This is an interesting question because I see a lot of people getting charged with indecent exposure and it’s for various reasons why they get charged. In other words, various factual scenarios can trigger an arrest for indecent exposure and the prosecutors charge you. California Penal Code 314 defines the crime of indecent exposure.
One area I see is when people are engaging in some sort of sexual activity in public. Whether it be in their car or somewhere else and somebody sees them — maybe it’s the police that seems them.
Perhaps it’s another citizen that sees them and they call the police and the police roll up on them and catch them in the act of doing something in public that’s sexually-related and the police end up arresting that person for indecent exposure.
I have one interesting case recently where my client was hooked up with somebody online and was in the car with them and they both had their clothes off, and then the girl told my client that she did not want to have any further sexual contact with him so he said, fine.
He put his clothes back on and took her to her car and that was the end of their encounter. But then the girl claimed that he was too aggressive with her and called the police and because it was so ridiculous, because all he did was try to make a move after they both agreed to take their clothes off, and once she said no, he stopped.
So, the unfortunate things is, because the police couldn’t really charge him with any type of sexual battery or rape or anything like that because he stopped when she said stop, they decided that they were going to arrest him for indecent exposure because they were in a public parking lot.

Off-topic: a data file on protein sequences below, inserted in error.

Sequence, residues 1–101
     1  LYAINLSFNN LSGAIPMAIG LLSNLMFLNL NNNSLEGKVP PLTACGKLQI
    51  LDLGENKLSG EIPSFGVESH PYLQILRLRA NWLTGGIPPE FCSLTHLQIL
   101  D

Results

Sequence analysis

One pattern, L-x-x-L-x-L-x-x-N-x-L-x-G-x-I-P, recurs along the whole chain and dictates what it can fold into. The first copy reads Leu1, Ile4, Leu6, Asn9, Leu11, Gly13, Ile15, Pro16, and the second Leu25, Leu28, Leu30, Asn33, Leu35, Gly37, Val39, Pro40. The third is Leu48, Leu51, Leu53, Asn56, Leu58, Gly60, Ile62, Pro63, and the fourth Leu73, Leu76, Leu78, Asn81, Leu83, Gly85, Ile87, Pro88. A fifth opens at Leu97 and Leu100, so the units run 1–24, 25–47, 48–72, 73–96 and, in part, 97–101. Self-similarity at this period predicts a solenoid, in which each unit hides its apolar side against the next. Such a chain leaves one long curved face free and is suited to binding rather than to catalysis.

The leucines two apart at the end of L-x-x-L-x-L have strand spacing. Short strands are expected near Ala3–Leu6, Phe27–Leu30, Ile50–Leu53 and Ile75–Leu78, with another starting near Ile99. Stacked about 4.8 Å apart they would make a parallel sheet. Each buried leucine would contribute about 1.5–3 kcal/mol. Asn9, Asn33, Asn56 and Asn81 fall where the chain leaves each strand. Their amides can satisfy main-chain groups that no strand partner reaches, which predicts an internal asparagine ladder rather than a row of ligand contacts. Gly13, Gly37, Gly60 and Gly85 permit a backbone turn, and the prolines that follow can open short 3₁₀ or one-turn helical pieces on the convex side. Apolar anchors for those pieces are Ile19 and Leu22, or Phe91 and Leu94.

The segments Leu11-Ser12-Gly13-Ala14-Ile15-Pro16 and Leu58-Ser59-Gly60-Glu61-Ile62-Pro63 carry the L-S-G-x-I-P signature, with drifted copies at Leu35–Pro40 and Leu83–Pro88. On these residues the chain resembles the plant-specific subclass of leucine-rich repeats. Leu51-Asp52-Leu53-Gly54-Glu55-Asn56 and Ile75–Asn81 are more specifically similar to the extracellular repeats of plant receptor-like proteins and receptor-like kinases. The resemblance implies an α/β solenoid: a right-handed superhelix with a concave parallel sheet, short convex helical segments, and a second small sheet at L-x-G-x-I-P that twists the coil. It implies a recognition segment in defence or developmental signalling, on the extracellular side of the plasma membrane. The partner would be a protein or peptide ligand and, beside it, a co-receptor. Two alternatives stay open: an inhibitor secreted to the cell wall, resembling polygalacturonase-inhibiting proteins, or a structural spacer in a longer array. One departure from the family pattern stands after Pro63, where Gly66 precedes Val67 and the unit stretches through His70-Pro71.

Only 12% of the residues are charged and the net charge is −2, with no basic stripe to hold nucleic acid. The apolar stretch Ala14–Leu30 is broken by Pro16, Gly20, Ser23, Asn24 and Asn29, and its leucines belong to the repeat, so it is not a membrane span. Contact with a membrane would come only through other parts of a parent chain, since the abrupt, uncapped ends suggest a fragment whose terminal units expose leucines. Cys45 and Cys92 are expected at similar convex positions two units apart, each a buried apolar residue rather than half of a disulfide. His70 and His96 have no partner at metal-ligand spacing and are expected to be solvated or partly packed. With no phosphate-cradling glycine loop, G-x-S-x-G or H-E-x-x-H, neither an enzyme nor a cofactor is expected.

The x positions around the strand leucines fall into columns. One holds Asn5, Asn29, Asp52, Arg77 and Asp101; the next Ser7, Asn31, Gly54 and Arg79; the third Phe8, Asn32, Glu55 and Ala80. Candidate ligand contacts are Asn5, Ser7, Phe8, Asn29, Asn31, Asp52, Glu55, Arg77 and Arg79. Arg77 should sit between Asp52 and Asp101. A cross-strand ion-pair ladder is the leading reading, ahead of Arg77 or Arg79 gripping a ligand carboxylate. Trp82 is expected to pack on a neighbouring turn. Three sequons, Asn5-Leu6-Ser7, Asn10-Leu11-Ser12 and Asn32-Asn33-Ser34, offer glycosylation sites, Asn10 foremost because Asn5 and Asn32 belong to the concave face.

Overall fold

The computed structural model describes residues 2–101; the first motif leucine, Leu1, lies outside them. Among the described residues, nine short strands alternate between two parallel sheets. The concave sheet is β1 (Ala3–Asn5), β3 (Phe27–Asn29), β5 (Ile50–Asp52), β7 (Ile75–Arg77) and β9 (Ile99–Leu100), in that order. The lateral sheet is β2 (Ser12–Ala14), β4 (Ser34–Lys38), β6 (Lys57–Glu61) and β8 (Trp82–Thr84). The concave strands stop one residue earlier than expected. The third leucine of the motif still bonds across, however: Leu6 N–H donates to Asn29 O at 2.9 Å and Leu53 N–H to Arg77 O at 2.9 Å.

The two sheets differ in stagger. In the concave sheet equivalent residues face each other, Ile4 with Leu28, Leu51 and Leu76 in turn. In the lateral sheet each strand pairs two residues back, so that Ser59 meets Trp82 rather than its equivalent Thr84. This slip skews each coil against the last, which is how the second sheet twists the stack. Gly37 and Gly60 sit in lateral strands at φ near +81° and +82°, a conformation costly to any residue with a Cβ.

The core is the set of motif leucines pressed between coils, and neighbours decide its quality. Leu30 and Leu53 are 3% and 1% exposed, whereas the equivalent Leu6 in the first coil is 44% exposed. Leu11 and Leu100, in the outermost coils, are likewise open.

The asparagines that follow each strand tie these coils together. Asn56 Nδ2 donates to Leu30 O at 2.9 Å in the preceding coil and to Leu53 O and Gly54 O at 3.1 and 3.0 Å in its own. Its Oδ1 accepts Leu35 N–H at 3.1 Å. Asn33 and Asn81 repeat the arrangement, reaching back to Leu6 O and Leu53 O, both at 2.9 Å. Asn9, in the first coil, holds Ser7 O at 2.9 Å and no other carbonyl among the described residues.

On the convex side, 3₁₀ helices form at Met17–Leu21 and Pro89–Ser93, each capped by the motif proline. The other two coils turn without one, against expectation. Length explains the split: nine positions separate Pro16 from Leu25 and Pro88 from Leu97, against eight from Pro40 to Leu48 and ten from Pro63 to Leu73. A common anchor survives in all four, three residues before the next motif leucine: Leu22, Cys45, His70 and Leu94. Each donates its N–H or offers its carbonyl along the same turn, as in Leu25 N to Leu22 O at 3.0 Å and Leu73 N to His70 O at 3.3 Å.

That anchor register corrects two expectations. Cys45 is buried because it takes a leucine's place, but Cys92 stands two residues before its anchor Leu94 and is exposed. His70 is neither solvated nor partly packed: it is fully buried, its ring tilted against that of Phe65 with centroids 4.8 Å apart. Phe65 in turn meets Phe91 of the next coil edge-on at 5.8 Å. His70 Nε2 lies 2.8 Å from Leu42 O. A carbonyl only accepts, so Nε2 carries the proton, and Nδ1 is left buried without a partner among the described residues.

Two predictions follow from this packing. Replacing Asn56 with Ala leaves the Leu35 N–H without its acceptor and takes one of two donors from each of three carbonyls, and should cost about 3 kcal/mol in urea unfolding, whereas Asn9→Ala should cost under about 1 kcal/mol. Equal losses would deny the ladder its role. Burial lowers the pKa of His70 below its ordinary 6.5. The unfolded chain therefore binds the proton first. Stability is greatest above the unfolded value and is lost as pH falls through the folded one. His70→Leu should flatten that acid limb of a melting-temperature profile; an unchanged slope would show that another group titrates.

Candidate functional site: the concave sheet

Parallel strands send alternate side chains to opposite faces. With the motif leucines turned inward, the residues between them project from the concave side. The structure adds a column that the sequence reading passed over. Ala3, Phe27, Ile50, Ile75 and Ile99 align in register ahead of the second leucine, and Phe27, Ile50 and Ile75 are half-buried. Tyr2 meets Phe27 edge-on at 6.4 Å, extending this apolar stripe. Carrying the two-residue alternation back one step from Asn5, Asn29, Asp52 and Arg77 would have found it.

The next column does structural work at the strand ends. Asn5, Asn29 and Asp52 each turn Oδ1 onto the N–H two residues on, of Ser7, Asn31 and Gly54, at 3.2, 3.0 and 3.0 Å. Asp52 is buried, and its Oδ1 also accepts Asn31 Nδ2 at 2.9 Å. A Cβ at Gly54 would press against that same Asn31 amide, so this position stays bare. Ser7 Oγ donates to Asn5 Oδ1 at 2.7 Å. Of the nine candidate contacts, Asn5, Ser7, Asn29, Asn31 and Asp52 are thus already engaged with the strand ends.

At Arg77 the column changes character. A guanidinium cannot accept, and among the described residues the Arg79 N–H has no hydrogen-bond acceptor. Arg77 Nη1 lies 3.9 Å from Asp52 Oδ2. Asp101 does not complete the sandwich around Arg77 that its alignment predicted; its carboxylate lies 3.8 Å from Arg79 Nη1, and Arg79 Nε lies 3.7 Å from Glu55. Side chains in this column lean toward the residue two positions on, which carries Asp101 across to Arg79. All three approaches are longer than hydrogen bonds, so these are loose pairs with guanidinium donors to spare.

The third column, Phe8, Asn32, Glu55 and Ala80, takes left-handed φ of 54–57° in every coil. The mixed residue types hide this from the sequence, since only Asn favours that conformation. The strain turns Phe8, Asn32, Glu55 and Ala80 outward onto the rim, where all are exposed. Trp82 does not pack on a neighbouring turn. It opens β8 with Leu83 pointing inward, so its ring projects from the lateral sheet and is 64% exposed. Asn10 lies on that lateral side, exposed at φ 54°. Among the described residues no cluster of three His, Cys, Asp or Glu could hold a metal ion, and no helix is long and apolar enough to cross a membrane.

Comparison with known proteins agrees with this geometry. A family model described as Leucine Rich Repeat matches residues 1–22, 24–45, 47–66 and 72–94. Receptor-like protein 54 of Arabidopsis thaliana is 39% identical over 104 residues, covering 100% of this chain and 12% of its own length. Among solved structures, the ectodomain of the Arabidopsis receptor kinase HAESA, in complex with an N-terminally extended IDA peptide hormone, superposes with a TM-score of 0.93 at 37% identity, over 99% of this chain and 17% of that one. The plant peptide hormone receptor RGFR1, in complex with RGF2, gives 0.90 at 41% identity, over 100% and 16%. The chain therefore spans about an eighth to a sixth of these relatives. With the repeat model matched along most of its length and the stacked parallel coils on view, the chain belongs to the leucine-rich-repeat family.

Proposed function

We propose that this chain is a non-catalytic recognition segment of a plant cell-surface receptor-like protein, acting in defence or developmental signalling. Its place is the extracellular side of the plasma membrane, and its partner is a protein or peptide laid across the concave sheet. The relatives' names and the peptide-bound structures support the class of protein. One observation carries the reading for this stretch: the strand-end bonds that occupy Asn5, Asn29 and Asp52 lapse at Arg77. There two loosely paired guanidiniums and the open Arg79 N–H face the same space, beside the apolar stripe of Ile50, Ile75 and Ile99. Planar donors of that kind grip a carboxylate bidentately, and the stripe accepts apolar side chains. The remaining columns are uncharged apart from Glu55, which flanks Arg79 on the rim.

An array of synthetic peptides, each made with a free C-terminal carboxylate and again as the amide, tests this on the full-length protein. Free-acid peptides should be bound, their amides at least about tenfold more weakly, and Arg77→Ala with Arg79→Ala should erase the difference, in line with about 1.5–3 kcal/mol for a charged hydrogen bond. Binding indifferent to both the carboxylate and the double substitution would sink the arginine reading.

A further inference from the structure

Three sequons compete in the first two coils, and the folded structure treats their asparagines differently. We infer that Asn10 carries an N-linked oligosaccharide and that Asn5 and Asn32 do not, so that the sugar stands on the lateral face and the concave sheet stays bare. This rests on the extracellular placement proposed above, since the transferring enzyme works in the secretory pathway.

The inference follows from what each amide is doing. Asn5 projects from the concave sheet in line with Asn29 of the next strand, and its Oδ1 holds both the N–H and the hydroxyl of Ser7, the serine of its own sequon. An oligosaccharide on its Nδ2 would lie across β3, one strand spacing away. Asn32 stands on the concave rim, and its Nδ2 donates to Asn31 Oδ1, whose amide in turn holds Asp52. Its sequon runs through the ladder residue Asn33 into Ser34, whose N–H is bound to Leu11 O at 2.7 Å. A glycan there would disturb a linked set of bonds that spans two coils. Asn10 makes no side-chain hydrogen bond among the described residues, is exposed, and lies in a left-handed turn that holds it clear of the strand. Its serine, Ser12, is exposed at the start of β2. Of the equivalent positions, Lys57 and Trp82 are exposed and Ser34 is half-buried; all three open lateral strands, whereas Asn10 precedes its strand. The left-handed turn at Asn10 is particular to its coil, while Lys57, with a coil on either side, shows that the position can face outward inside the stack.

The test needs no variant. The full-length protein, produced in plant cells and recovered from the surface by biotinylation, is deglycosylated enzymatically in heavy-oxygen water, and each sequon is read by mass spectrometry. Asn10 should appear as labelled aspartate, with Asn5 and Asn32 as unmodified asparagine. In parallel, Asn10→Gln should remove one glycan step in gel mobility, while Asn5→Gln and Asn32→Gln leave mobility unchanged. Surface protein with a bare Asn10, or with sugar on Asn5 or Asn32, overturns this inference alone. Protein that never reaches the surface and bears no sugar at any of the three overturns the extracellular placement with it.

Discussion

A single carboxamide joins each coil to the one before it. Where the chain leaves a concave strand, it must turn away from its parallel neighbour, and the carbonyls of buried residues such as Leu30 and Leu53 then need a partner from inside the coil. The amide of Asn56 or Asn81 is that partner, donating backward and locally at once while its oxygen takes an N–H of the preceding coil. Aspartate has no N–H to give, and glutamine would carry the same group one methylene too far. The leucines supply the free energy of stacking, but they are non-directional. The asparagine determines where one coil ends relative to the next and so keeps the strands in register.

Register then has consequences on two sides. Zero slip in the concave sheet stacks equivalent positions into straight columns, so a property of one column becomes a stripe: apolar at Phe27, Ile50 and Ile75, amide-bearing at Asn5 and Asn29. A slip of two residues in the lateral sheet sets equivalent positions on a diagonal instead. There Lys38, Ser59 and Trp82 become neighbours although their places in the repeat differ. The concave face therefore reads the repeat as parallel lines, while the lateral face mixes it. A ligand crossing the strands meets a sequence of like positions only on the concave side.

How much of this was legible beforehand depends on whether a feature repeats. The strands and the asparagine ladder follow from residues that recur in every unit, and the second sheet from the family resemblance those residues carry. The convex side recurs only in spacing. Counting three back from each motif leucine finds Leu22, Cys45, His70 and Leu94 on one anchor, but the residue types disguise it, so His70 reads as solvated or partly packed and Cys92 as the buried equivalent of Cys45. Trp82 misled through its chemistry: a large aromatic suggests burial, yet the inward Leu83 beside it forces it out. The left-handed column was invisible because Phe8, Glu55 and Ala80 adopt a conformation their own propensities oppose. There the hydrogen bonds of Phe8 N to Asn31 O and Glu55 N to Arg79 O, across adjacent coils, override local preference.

The problem with the police doing that was that nobody else saw him with his clothes off and there was no testimony or evidence that was presented that anybody could see anyway because they were in the back seat of the car.
So, how is that indecent exposure? That’s pretty much the argument that I made to the judge and the judge demanded the prosecutor before we even moved forward — because that’s a misdemeanor so you’re not entitle to a preliminary hearing.
You can have a trial but the judge is not going to their time with a trial here. What is your theory? How is it indecent exposure (CALCRIM 1160) if nobody else saw it? The girl was consentual.
She had her clothes off as well and there’s no testimony or evidence that someone could see it, then it’s not indecent exposure. So, that’s definitely one scenario that I see happen all the time, where people are in a car in public somewhere and they’re engaging n some sort of sexual activity.
The other area that I see is people who are dressed scantily, whether it’s a man or a woman, and you can see their private parts or you can see part of their private parts, and then the issue becomes — are these people doing this intentionally?
It’s out in the public. People can see, or is it just an accident. They had a clothes malfunction, and that’s kind of what the debate centers around, and obviously, for the prosecutors, if they could get some sort of photograph or video of how the person is dressed, then they might be able to show that to a jury to be able to prove that yes, this is an indecent exposure case.
The person is doing that intentionally because they want to expose themselves to the public because they get some sort of sexual gratification from that and then they’d be able to mount a pretty good case for indecent exposure.
On the flip side, if somebody is just dressed in some tight pants or even loose pants or a loose shirt and somehow somebody sees some sort of genitalia or any type of private part on the other person, whether it be man or woman, and that person has a legitimate argument that it was just accidental, then they could certainly mount that argument and potentially be successful.
I’ve been handling these indecent exposure cases all over Los Angeles, the San Fernando Valley, all of the 38 courts in LA county, so I can definitely help you. I know how to defend them. I know how to mitigate them.
I know how to negotiate with the judge, the prosecutor and get you the bests result.
Hedding Law Firm is a top-rated criminal defense law firm located in Los Angeles County. We defend clients throughout Southern California. We are located at 16000 Ventura Blvd #1208 Encino, CA 91436. Contact our firm for a free case evaluation at (213) 542-0979.
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